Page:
14 June 2013
With new figures released last week predicting that by 2020 almost half the population will get cancer in their lifetime, a leading cancer charity is investing £5m in a ground-breaking project to transform cancer care in Scotland.
Macmillan Cancer Support will work with the Scottish Government, the NHS and local authorities to improve care after treatment for the 30,000 people diagnosed with cancer each year in Scotland.
The charity says the change is vital to create a system that is responsive to the growing numbers of people living with cancer – currently 190,000 but expected to almost double by 2030.
Macmillan’s director in Scotland Elspeth Atkinson said: 'It’s good news that, thanks to better treatments and earlier diagnosis, more people are surviving cancer. However the impact of the illness does not suddenly stop when treatment is over.
'Cancer treatment continues to improve enormously and we now also need to look at how we help people to recover after treatment ends.'
Macmillan wants every patient to receive care and support based on an assessment of their individual needs, including their emotional and financial wellbeing.
The aim is to ensure every patient gets the right support when they need it, whilst also reducing the number of unnecessary and often stressful outpatient appointments.
Elspeth added: 'Currently too many people can feel abandoned when treatment ends and don’t know where to go for support when they need it.
'This often results in them waiting until their routine hospital appointment – which may be months away – to ask for help or discuss their worries.
'These appointments are in many cases medically unnecessary and are often not the best place for patients to get the support they vitally need.
'Our £5m investment is considerably more than Macmillan has ever invested in a single project in Scotland, which reflects just how important we think it is to put as much effort into supporting people to live with or beyond a cancer diagnosis as into treating the disease itself.'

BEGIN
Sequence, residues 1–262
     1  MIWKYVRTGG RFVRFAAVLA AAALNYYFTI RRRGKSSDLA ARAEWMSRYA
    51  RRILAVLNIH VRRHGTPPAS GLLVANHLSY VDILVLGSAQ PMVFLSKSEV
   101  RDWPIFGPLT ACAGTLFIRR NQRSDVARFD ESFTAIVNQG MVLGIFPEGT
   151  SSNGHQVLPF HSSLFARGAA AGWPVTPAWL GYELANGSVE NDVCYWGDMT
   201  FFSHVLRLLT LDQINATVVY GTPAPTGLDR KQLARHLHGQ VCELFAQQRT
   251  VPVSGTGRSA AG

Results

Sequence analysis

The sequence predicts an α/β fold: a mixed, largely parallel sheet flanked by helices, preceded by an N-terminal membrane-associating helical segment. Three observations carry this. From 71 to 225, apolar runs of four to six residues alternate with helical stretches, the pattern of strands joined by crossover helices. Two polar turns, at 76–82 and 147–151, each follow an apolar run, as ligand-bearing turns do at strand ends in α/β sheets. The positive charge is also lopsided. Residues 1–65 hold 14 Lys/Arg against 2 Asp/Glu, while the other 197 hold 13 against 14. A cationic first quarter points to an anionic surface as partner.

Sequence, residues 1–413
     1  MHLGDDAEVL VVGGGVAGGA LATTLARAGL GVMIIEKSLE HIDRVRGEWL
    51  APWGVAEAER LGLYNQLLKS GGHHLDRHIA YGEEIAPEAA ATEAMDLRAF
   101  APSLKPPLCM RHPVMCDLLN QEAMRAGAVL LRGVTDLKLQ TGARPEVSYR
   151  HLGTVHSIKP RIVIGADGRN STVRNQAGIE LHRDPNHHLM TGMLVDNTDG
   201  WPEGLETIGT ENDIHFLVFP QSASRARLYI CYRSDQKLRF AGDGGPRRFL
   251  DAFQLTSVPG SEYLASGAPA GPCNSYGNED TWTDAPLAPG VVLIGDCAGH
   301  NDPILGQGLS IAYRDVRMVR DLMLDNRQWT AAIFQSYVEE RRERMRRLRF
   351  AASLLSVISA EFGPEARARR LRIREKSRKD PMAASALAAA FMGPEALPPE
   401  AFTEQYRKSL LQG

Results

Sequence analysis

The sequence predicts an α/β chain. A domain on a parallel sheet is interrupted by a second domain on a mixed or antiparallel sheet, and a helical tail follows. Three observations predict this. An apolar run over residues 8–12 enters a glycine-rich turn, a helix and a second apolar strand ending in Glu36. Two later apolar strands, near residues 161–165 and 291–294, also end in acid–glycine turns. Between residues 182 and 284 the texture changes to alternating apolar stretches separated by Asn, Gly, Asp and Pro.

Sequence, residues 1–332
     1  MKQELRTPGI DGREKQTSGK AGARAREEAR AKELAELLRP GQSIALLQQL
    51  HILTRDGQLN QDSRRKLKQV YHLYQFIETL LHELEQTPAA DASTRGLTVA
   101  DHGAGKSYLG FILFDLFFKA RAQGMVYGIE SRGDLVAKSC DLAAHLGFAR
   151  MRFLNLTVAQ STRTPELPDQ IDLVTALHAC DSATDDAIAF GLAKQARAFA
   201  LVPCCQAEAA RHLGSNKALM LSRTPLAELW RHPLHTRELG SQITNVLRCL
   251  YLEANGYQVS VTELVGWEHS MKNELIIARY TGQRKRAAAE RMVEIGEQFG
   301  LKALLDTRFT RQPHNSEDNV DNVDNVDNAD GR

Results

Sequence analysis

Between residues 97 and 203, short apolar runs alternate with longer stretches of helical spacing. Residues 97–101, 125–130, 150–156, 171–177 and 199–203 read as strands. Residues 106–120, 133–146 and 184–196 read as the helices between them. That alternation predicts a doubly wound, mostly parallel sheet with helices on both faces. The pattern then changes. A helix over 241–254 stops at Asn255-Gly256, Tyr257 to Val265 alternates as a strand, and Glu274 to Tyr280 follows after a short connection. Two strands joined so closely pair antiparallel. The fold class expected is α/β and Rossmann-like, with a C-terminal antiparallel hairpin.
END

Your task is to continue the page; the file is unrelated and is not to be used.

Health Secretary Alex Neil said:
'We know that lives can be saved through early detection of cancer, as the earlier a cancer is diagnosed the greater the chance it can be treated successfully.
'More people are living longer with and after cancer and we need to make sure that those people are prepared for, and supported to live with, the diagnosis and its treatment.
'The Scottish Government is already committed to high quality cancer services and working closely with third sector organisations. This extra funding from Macmillan Cancer Support will help us find the best way to provide that additional support.'
Case studies and spokespeople are available for interview.
For further information please contact
Kate Seymour, Macmillan Cancer Support, 07801 307032 / 0131 260 3720
Notes to Editors
Transforming Care After Treatment
Transforming Care After Treatment is a major component on the Scottish Cancer Taskforce workplan. It is a partnership between the Scottish Government, Macmillan Cancer Support, NHS Scotland, the regional cancer networks, ADSW, COSLA, local authorities and the voluntary sector.
It will be launched by the Health Secretary at an event for key stakeholders on Thursday 13 June in Edinburgh.
Macmillan Cancer Support
More than one in three of us will get cancer. For most of us it will be the toughest fight we ever face. And the feelings of isolation and loneliness that so many people experience make it even harder.
But you don’t have to go through it alone. The Macmillan team is with you every step of the way.
We are the nurses and therapists helping you through treatment. The experts on the end of the phone. The advisers telling you which benefits you’re entitled to. The volunteers giving you a hand with the everyday things. The campaigners improving cancer care. The community there for you online, any time. The supporters who make it all possible.
Together, we are all Macmillan Cancer Support.